And then, once we let people into our mess, we found ourselves surrounded by other men striving for godliness in that same area of their lives— role models and comrades in arms. We saw the freedom they were experiencing now, and were hopeful we could also get there one day.
Our friends also imparted wisdom. They helped adjust our perspective a bit— we’d thought of pornography as something that would be magically defeated in this life. We learned instead that pornography is often something resisted over a lifetime, slayed again and again as we die to ourselves daily and live to Christ.
In short, we were stirred up, encouraged, and equipped to continue fighting the good fight. That’s the power of Christian community.
Bear one another’s burdens
“Bear one another’s burdens, and so fulfill the law of Christ.” —Galatians 6:1-2
“Rejoice with those who rejoice, weep with those who weep.” —Romans 12:15
Loving a man who struggles with pornography is really hard. One of the best things about telling our situation to our friends was that, suddenly, my friends knew what I was going through. Many of them had been through it themselves. And they were quick to tell me, “I’m so sorry. This sucks. How are you doing today? I’m praying for you.”
That was really pivotal for me. Just feeling seen and validated. Through their love, I felt the love of Christ. His deep, inexhaustible, tender love for me empowered me to continue loving my husband well.
Our friends have also been faithful to check in, especially when they know one of us is traveling.
In those very raw early days, our church hosted an overnight women’s retreat. I wanted to go, but in all honesty, I was afraid. Andrew was too. One of the other husbands, whose wife would also be at the event, invited Andrew to crash on their couch so as to not be alone— and he did! With our baby in the pack-n-play and our dog to boot.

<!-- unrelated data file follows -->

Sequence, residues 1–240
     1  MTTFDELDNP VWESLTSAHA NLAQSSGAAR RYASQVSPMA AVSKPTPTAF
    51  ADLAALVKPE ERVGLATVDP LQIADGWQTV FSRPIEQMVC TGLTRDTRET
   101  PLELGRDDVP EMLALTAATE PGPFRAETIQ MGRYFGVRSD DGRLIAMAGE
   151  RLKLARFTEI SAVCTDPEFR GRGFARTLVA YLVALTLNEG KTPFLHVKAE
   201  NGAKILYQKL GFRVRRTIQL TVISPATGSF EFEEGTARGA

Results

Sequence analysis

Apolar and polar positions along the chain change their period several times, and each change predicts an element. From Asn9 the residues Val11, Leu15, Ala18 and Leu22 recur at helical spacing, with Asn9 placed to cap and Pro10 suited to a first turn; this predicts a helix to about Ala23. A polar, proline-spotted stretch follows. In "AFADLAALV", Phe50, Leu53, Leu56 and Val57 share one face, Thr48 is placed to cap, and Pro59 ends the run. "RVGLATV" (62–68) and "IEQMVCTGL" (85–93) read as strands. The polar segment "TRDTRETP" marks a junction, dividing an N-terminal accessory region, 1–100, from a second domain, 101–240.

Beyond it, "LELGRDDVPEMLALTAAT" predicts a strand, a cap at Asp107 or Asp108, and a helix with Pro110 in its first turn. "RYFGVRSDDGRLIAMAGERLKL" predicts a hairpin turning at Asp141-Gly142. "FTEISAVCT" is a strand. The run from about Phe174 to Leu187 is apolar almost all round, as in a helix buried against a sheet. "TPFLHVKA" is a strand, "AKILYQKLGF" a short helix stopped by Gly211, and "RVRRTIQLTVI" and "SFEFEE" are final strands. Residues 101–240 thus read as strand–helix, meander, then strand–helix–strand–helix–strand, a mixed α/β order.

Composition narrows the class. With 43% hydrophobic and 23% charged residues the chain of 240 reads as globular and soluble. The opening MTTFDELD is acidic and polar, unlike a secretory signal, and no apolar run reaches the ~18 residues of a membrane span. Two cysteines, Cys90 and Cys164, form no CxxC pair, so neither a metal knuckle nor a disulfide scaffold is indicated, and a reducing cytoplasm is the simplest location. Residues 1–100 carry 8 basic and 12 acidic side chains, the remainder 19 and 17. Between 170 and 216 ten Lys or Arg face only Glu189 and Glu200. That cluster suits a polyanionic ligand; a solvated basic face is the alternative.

When Andrew deployed to Afghanistan for 7 months, our friends were faithful to ask me how things were going. I was honest with them. I asked for prayer when we needed it, and I asked the other men to check in with Andrew directly.
These wonderful people— our companions on the bumpy road to glory, co-heirs with us of eternal life— have truly fulfilled the law of Christ by bearing our burdens with us.
Go forward in faith
This is how Jesus intends for us to love one another.
The Church is Christ’s body— not perfect yet, but growing in holiness. God’s good design is for the Church to be a primary conduit of His grace to you. Jesus wants to love and serve you through His body.
I know it can be scary to let other people into your ugly. I know that sometimes people are hurtful. But Jesus calls us to love one another through thick and thin. He calls us to lower the walls around our mess and invite others in.
Don’t miss out on the good work God wants to do in your marriage through the ministry of other believers.
Letting our faith family into our mess was the best thing we could have done. On our part, it was one small, mustard-seed-sized step of faith. But God grew it into righteousness, joy and freedom. He can do the same for you.
Have you heard of the The 31-Day Pursuit Challenge?
Every marriage begins with passion, purpose, and pursuit, but few stay that way. That’s why we wrote Husband in Pursuit and Wife in Pursuit Together, they make what we’re calling the 31-Day Pursuit Challenge. Couples are encouraged take the challenge together. We’re already starting to hear stories of transformed marriages! Are you up for the challenge?